|By G. Michael Dobbs|
I turned on WMAS-AM the other day and was surprised and saddened to find out that my friend George Murphy, the station's morning guy, was hosting his last show. I was also disturbed to find out that the station was changing its entire syndicated talk line-up.
Since then I talked with the station's manager and, as I suspected, the corporate owners weren't happy with the ratings and changed the format to a satellite service featuring oldies.
It's more and more typical in the radio business that the suits want immediate gratification. The station had its new talk format for only a few months and, frankly, it wasn't given the time to succeed.
And George Murphy is a local broadcasting institution. He deserved far better treatment than this.
So, WMAS for the time being has no local content. Do a tour of the dial and see how many other stations have precious little ties with the communities they serve. You might be surprised.
Of course, this has been in the works for years. The Federal Communications Commission under President Reagan made a number of changes to radio that have bore this fruit. They relaxed requirements for public service, time checks, station i.d.s, and the number of commercials one could play, among other things.
Don't get me wrong. This isn't just a slap against radio a medium that I love. This is the problem with all American media.
Corporate owners, attempting to boost profits, will cut as much content as they possibly can, believing their readers, listeners and viewers will accept it because they have no choice.
I'm all in favor of profits. I want to see businesses in the black, but aren't there ways to accomplish this goal without messing up your reason for being in business?
Look at local newspapers. How many local stories are there from your community as opposed to stories from other communities? And do those other stories have any real impact on your town?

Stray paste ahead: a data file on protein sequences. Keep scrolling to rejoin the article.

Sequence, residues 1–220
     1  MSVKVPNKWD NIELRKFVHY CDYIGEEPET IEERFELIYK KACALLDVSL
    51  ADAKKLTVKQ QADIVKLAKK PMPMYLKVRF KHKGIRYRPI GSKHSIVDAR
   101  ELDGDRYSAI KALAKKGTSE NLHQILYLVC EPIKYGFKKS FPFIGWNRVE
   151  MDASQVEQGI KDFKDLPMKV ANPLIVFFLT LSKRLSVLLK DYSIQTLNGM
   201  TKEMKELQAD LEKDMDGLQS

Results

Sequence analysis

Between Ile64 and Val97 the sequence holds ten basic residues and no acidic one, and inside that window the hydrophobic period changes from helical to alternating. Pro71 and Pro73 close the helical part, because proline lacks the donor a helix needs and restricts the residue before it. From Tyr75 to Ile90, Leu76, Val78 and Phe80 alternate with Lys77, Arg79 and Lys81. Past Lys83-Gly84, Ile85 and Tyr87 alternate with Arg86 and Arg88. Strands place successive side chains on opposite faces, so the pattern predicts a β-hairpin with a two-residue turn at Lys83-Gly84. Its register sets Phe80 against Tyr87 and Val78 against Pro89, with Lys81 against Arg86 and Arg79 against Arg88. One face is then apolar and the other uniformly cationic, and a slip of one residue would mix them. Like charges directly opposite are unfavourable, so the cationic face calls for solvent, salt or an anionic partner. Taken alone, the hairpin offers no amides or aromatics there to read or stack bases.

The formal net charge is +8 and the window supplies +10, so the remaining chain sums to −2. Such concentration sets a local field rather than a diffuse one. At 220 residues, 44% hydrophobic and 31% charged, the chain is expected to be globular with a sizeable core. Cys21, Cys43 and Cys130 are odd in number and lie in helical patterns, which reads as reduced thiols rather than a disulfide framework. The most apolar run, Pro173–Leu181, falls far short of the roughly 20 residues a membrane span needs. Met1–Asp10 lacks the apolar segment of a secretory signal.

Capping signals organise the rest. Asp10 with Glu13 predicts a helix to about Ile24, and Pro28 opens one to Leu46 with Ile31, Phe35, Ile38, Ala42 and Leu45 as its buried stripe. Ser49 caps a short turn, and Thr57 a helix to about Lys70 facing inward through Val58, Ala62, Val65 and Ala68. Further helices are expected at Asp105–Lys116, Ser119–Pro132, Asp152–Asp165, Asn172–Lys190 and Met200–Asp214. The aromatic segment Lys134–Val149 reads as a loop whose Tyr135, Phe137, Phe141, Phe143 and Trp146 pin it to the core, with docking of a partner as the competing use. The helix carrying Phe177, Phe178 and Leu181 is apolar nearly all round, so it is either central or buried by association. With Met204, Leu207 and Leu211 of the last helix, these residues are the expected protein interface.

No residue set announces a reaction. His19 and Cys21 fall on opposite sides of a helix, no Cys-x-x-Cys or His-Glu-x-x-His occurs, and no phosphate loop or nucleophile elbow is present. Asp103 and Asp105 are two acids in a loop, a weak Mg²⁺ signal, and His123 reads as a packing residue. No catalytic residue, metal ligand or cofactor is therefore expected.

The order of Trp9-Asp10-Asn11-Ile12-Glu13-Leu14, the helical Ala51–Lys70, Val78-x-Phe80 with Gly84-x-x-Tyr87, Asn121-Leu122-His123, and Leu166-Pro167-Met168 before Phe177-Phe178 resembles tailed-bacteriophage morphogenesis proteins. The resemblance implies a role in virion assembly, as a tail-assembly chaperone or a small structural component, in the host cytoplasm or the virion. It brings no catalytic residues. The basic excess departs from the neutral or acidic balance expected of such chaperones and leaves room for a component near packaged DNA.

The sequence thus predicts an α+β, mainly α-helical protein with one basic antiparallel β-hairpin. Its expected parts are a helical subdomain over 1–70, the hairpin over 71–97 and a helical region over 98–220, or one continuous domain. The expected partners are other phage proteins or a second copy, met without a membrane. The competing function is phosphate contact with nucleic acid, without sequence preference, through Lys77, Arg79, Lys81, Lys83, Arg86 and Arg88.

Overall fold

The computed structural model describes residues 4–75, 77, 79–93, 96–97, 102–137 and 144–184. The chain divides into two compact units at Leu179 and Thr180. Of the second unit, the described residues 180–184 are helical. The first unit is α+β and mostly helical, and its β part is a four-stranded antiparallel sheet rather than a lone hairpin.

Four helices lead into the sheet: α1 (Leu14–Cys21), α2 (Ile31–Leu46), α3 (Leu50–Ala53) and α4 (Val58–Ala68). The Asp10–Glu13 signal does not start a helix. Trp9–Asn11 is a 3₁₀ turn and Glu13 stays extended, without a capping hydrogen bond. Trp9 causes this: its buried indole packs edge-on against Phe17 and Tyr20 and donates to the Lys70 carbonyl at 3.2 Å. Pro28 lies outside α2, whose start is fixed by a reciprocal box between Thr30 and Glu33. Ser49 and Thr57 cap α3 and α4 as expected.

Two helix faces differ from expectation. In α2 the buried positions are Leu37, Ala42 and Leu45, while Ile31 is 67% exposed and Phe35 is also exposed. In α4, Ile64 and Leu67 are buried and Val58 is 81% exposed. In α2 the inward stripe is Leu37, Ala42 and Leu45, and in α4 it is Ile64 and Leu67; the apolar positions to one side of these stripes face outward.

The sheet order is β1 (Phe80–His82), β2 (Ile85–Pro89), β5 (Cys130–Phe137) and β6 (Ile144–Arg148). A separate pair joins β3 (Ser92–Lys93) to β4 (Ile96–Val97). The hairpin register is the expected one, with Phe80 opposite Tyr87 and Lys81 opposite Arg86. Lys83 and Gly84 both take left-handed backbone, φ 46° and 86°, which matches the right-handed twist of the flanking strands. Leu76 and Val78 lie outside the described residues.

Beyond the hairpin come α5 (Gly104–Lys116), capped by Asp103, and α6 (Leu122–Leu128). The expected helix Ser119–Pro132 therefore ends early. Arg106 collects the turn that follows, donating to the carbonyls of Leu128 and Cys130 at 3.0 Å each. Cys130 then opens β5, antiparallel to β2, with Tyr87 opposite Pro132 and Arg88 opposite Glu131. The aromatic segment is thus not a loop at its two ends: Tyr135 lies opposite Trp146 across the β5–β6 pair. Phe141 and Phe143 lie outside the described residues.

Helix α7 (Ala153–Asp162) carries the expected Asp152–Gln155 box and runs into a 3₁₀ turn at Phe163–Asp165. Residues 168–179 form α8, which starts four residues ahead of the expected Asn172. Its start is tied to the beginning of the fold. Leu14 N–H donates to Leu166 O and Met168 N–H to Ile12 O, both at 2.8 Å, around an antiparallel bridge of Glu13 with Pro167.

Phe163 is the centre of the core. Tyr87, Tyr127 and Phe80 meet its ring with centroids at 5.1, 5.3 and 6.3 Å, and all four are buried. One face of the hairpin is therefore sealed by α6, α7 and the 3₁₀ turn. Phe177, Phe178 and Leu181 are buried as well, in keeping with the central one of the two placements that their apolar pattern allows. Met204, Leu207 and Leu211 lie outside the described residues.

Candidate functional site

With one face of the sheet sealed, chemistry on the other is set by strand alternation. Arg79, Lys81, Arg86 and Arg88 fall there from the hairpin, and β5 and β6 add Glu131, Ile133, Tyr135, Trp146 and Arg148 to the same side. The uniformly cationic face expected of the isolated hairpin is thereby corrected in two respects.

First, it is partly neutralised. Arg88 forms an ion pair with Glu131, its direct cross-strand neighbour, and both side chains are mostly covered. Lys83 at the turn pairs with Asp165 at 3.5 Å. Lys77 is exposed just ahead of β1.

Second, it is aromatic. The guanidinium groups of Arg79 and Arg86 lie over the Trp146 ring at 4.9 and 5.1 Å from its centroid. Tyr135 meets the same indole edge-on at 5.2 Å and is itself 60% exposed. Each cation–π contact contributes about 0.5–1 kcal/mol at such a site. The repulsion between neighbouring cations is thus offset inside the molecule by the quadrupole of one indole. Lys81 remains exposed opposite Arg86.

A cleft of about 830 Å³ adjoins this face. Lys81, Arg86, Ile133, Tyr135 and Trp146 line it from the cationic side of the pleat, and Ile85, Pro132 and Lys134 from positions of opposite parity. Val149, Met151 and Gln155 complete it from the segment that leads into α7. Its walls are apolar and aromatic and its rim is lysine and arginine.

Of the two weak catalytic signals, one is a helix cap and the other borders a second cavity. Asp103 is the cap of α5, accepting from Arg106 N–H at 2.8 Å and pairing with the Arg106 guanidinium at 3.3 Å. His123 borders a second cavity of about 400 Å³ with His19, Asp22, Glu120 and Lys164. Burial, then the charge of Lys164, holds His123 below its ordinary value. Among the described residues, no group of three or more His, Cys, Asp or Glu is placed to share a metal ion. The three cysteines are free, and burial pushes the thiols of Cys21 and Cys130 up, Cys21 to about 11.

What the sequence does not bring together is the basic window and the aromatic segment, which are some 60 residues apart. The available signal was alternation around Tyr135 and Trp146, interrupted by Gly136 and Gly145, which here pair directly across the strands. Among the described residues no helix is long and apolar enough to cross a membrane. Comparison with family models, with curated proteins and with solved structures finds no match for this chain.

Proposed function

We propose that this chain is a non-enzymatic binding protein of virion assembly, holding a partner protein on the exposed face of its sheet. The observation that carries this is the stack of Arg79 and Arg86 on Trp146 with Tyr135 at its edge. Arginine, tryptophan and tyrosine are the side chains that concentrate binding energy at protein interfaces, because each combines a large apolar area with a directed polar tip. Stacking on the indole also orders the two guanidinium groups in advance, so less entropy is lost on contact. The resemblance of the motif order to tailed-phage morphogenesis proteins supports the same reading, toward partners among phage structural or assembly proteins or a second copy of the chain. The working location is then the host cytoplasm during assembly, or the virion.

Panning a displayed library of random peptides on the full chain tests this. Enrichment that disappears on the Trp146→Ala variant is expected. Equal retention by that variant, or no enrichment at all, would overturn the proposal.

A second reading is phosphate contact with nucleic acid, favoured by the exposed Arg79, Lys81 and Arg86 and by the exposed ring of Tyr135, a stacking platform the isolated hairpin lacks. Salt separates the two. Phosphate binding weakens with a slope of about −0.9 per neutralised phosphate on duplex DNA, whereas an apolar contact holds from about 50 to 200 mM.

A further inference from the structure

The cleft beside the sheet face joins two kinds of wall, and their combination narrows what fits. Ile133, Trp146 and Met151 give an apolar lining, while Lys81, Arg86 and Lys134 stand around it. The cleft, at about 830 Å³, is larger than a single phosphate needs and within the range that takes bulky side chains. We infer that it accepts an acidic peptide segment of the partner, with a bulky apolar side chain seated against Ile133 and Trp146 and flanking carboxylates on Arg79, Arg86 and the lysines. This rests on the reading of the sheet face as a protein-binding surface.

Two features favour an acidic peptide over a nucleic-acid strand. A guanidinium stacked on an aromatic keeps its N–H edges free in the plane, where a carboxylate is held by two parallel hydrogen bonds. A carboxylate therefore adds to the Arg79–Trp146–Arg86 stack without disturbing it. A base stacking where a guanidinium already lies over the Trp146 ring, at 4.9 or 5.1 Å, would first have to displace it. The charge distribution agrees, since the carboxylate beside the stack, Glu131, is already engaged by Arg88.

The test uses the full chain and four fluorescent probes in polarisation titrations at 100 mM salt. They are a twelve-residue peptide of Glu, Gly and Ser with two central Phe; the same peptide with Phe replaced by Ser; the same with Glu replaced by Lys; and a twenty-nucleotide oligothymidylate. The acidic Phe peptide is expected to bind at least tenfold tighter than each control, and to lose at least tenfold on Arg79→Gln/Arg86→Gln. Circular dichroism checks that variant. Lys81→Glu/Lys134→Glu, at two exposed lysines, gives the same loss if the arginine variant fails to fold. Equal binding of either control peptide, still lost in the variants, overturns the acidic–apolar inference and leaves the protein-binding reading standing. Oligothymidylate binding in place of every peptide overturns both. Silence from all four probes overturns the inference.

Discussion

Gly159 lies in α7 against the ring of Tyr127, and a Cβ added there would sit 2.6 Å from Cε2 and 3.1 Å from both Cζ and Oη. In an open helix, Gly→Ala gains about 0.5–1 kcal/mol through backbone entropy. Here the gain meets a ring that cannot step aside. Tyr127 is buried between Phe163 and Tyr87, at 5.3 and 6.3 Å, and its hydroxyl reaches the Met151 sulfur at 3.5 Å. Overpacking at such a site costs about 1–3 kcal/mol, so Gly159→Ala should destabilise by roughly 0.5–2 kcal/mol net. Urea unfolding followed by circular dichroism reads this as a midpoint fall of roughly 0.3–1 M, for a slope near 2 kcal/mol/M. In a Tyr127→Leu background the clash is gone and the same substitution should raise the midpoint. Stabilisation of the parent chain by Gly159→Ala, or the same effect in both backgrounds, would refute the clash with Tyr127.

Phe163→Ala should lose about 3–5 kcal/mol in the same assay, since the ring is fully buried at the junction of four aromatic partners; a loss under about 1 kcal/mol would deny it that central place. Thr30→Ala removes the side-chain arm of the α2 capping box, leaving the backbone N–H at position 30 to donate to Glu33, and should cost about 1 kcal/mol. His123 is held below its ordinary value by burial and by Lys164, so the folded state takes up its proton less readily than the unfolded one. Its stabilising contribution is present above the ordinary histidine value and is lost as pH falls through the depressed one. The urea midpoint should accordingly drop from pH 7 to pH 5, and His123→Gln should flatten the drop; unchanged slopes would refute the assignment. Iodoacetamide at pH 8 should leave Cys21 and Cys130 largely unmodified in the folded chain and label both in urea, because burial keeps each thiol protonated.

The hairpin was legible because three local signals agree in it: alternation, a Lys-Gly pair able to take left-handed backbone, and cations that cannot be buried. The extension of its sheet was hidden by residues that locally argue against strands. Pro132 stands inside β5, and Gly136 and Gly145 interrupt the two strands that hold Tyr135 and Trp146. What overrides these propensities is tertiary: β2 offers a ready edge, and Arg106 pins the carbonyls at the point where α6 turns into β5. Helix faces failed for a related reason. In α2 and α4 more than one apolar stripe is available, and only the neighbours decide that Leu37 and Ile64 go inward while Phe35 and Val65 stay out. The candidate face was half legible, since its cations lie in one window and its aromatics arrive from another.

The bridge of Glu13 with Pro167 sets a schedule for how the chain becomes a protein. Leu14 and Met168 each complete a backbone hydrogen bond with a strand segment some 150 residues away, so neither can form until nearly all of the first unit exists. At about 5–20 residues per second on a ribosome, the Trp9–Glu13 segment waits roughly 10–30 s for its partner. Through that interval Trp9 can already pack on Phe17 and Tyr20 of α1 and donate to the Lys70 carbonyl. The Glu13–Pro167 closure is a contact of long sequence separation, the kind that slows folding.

I regularly roast The Republican in this column and I don't want any one to be confused that what I write is aimed at the the rank and file reporters, some of whom are friends, many of whom I respect as colleagues.
The Republican, though, is cutting back on local news and the television stations, locked into the silly concept of producing a 90-minute local newscast every day, don't have the local news they should, either.
Ask any local television reporters if they would prefer a more manageable hour-long show, in which the emphasis could be placed on local news, not pick-ups from the networks or other stations, and I'll bet you lunch at Chef Wayne's Big Mamou that they would pick the hour-long show.
Since its corporate take-over, The Valley Advocate hasn't done as much local reporting as it once did.
We still have some bright spots in this market. WGBY has The State We're In, and their local shows, including Watercooler (even though they won't invite me back!). WFCR does venture out of Hampshire County to do a report down here now and then, and WAMC is doing more and more reporting from western Massachusetts.
Our weekly newspapers and others attempt to do as much community reporting as we can to fill the needs of the people who want to know what is happening in their hometowns.
Reporters want to do their jobs. Consumers want local news. It's too bad that the hacks at the top don't seem to realize that.
These are my opinions alone. Send your comments to firstname.lastname@example.org or to 280 N. Main St., East Longmeadow, MA, 01028.